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Regulatory Challenges at the Intersection of Cellular and Medical Device Therapies in Europe: The Case of the Bioartificial Pancreas


Regenerative medicine solutions for type 1 diabetes are a rapidly developing field of medical technology. So far, these solutions have been principally cell-based treatments and, at present, in Europe, are regulated under the European Union regulations for Advanced Therapy Medicinal Products (ATMPs). But now, new, emerging technology combining cellular therapy with medical devices is under development. The potential of this novel hybrid model to create a bioartificial pancreas is tantalising. However, incorporating medical devices creates a further layer of complexity to an already challenging product development process. Moreover, it raises important questions about how bioartificial organs should be regulated.

This article seeks to expose the complexity of the legal and regulatory landscape relating to such products, focusing on the laws of the European Union and, where appropriate, bringing in examples from other jurisdictions. We set out the role of the European Medicines Agency (EMA) and review the classification of existing ATMPs and those proposed for type 1 diabetes to highlight the potential consequences and effects of nomenclature and classifications. We argue that emerging hybrid regenerative medicine solutions at the intersection of cellular and medical device therapies, in which medical devices are integral to and facilitate the cell therapy mechanism of action, are not satisfactorily accounted for in the existing legal paradigm regulating regenerative medical therapies. We suggest that these functional hybrid products, currently in their infancy, may yet have far-reaching implications for the interface of law, regulation and technology. For example, they are likely to challenge the conventional discourse related to a market in (bioartificial) organs. We recommend that the EMA, national competent authorities for medical devices, national transplantation authorities and those responsible for overseeing translational clinical research respond to this by developing the existing regulatory framework in such a way that captures the essence of these hybrid products as a single entity. Issuing guidance on updated regulations to researchers engaged in this emerging technology will be key to the success of its translation into human therapies.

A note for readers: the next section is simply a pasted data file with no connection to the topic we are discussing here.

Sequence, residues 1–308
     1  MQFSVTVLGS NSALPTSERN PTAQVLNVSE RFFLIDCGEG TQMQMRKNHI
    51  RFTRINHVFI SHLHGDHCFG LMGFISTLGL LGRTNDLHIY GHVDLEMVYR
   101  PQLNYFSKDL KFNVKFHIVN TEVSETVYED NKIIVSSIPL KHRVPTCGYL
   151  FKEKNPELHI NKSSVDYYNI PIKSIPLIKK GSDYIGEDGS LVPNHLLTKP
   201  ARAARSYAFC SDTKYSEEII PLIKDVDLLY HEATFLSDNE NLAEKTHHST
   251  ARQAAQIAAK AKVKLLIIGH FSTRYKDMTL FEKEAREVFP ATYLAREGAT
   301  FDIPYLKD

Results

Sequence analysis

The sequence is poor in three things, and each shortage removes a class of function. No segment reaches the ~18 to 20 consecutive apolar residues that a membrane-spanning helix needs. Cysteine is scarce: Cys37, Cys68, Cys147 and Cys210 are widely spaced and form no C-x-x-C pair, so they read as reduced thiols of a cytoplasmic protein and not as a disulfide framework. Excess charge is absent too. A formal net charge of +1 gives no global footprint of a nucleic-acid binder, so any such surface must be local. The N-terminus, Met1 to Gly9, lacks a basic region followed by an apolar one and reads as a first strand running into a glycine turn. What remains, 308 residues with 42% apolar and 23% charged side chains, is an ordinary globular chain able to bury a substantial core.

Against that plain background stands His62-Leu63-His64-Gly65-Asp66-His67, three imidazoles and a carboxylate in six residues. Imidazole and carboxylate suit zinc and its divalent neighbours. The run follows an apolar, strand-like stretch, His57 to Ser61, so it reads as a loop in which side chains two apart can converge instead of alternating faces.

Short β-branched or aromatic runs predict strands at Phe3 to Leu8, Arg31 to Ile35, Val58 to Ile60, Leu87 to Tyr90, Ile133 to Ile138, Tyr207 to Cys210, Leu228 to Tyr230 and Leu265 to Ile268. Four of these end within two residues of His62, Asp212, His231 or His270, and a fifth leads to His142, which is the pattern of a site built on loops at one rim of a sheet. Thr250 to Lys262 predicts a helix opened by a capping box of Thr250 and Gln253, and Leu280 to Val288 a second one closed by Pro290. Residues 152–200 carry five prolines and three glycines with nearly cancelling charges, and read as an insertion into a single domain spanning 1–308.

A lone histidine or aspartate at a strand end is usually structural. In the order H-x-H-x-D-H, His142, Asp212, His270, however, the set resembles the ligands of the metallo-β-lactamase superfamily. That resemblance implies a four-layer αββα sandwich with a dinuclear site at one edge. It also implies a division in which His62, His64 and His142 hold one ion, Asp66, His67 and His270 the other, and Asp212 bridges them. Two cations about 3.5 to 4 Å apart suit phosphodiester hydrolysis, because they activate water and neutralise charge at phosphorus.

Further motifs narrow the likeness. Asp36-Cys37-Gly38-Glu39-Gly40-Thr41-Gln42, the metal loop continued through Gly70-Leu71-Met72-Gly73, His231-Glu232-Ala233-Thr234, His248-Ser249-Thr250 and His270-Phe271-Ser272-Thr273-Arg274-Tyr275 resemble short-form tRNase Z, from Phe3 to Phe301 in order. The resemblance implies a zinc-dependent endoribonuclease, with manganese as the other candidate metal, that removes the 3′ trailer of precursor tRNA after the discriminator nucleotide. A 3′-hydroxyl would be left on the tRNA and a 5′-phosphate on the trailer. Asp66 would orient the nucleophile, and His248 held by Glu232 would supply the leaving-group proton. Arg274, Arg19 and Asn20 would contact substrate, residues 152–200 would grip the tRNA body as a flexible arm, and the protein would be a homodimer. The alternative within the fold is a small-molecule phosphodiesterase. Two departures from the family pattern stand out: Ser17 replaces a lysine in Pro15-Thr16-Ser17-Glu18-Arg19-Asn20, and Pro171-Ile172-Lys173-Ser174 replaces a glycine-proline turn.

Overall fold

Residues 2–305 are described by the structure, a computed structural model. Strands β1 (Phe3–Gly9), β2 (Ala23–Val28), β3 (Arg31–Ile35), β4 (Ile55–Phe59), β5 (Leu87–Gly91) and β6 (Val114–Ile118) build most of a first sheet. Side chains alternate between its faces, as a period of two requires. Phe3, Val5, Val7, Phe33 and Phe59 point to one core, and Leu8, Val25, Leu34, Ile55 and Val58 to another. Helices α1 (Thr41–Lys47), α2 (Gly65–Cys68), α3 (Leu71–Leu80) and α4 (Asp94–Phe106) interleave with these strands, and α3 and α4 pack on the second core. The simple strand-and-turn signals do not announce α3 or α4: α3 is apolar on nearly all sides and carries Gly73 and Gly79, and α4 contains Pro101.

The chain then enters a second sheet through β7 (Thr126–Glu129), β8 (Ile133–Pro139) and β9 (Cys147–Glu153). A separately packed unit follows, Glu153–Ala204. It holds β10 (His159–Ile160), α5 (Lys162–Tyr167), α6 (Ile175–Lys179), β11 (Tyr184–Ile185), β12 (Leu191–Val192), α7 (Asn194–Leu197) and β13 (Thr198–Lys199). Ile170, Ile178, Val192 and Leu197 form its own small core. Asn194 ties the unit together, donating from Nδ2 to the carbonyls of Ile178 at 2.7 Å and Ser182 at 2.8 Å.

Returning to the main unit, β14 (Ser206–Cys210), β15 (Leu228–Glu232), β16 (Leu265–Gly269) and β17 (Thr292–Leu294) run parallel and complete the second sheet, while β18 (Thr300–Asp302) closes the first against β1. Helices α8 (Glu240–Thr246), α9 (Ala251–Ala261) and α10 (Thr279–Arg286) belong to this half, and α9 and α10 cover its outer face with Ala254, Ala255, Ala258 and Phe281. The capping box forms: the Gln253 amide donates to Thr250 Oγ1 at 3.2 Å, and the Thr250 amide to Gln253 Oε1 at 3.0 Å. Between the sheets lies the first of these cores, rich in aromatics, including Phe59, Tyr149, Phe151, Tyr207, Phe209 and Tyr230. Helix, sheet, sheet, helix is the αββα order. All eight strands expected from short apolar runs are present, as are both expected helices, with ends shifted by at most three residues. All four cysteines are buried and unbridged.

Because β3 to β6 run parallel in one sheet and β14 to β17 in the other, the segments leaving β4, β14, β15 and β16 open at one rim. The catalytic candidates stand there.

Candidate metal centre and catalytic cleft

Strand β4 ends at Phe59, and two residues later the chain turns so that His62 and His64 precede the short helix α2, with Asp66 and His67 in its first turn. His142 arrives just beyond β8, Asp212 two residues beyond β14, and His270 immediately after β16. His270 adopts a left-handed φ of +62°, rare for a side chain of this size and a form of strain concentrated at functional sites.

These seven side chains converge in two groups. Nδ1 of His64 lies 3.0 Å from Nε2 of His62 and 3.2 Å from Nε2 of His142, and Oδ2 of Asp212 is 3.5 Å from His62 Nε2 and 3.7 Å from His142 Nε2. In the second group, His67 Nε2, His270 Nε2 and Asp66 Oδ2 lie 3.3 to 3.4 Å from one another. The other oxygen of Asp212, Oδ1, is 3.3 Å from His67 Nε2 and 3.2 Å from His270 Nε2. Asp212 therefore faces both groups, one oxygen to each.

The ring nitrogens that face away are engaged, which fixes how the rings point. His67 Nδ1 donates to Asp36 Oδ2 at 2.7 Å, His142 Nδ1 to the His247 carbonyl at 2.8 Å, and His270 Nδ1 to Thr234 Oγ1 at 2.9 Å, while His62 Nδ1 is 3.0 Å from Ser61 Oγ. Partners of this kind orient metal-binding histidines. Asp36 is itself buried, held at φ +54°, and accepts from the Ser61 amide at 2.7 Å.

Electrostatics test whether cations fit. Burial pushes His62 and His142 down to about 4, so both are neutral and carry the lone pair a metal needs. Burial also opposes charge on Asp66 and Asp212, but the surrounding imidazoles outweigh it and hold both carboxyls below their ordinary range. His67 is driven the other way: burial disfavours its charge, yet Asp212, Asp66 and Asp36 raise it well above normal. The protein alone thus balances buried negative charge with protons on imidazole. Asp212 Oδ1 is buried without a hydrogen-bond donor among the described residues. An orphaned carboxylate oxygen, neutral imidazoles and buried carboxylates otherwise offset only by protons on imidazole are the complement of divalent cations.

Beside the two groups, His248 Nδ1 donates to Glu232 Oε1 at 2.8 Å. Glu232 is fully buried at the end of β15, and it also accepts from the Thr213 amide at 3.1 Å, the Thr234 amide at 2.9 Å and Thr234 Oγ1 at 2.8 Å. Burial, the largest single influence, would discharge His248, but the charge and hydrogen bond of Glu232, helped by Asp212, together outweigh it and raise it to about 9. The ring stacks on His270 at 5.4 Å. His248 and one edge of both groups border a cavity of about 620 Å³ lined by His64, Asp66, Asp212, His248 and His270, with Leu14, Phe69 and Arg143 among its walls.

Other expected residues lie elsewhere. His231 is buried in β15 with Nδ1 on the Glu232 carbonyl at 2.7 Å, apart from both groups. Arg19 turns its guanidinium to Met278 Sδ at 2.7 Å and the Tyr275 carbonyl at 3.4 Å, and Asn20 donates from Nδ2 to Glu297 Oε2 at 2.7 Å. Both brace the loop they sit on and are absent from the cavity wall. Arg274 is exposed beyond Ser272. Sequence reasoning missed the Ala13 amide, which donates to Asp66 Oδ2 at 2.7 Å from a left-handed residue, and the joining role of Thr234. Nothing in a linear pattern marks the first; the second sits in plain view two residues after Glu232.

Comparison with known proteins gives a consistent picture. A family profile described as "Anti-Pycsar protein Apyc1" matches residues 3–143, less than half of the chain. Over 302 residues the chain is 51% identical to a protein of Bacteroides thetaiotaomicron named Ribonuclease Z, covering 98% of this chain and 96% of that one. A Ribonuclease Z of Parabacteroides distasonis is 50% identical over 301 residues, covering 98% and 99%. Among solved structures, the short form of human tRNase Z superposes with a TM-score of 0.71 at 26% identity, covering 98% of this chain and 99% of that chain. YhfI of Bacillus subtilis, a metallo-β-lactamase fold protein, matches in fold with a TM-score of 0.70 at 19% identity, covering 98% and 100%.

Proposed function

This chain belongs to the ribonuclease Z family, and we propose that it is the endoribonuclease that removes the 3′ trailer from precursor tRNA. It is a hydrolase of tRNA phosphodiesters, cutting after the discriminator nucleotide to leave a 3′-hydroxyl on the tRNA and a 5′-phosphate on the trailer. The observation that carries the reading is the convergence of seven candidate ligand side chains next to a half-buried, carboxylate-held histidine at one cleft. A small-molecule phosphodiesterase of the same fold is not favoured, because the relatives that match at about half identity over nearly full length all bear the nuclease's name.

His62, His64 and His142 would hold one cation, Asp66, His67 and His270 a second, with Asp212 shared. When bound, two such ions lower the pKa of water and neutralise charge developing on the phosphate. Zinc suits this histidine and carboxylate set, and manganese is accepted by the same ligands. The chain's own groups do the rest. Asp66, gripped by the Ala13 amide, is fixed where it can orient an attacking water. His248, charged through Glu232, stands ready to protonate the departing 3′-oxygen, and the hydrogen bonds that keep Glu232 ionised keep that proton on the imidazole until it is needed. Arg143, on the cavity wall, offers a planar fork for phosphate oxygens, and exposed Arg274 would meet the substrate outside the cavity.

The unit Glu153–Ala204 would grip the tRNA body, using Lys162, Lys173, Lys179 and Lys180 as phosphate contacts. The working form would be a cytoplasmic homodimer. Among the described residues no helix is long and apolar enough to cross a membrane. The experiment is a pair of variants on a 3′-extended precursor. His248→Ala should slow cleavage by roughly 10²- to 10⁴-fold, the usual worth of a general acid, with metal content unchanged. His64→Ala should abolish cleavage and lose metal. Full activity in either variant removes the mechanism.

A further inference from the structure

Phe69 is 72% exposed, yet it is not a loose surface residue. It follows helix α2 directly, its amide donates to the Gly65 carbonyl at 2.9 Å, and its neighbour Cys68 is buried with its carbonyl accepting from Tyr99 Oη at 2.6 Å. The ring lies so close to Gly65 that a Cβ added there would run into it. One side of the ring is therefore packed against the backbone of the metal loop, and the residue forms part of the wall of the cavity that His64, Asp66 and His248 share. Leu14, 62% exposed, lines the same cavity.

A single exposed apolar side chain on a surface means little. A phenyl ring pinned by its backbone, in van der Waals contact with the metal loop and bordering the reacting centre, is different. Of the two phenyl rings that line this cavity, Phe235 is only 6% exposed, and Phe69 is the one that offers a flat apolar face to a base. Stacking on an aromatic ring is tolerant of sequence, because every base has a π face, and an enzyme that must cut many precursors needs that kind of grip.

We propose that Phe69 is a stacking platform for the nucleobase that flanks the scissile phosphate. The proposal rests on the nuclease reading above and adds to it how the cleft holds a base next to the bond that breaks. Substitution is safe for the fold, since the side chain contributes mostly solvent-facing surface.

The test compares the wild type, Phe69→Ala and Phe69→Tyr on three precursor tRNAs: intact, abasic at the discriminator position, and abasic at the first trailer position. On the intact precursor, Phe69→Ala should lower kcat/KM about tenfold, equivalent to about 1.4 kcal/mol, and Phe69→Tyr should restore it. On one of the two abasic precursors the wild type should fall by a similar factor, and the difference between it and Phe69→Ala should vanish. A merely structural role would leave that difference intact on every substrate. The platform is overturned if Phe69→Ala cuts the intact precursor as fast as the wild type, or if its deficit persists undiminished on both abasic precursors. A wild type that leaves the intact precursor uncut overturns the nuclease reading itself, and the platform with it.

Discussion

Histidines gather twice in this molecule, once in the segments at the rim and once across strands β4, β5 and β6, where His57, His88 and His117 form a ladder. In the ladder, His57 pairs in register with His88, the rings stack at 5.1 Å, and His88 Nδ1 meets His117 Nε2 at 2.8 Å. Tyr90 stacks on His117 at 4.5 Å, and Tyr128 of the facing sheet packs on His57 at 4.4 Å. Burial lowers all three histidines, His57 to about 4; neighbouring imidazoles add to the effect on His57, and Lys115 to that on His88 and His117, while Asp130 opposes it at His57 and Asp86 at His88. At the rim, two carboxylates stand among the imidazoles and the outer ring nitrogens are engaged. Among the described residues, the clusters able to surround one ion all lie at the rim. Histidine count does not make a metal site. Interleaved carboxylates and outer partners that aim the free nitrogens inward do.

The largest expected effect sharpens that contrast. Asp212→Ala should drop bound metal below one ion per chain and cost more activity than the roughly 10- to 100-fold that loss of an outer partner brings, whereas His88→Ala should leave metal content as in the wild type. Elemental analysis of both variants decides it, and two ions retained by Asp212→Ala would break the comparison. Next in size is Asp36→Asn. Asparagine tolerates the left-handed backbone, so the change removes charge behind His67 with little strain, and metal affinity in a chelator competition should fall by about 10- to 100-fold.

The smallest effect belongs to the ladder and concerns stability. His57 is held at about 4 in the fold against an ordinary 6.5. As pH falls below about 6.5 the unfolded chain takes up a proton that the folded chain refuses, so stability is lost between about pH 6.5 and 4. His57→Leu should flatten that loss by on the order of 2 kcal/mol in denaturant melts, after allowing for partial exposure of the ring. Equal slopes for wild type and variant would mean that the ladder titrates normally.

Published: 2023-11-21
Pages:114 to 133
Section: Symposium: Regulatory Futures and Medical Devices
How to Cite
Cronin, Antonia, Rebecca Thom, and VANGUARD Consortium. 2023. “Regulatory Challenges at the Intersection of Cellular and Medical Device Therapies in Europe: The Case of the Bioartificial Pancreas”. Law, Technology and Humans 5 (2):114-33.

Author Biographies

King's College London
United Kingdom United Kingdom

Dr. Antonia Cronin is a Consultant Nephrologist at Guy’s and St. Thomas’ NHS Foundation Trust and Honorary Reader in Medical Ethics and Law at King’s College London. She has a special interest in emerging biotechnology related to organ donation and transplantation and its implications for public policy, regulation and the law.

She is co-leader of the ethical and legal issues work package of the EU Horizon 2020 funded VANGUARD project. The project aims to generate a vascularised and immune-protected bio-artificial pancreas that can be transplanted into non-immuno-suppressed patients by combining advanced tissue engineering strategies. The ambition of the VANGUARD project is to produce a therapy in the form of an Advanced Therapy Medicinal Product (ATMP), which can be translated into man in order to cure type 1 diabetes.

St George's Hospital
United Kingdom United Kingdom

Dr Rebecca Thom is a general internal medicine and nephrology consultant at St George's hospital in London. She has an interest in medical ethics and law with research specialising in mental capacity and advanced cellular biotechnologies.

Open Access Journal
ISSN 2652-4074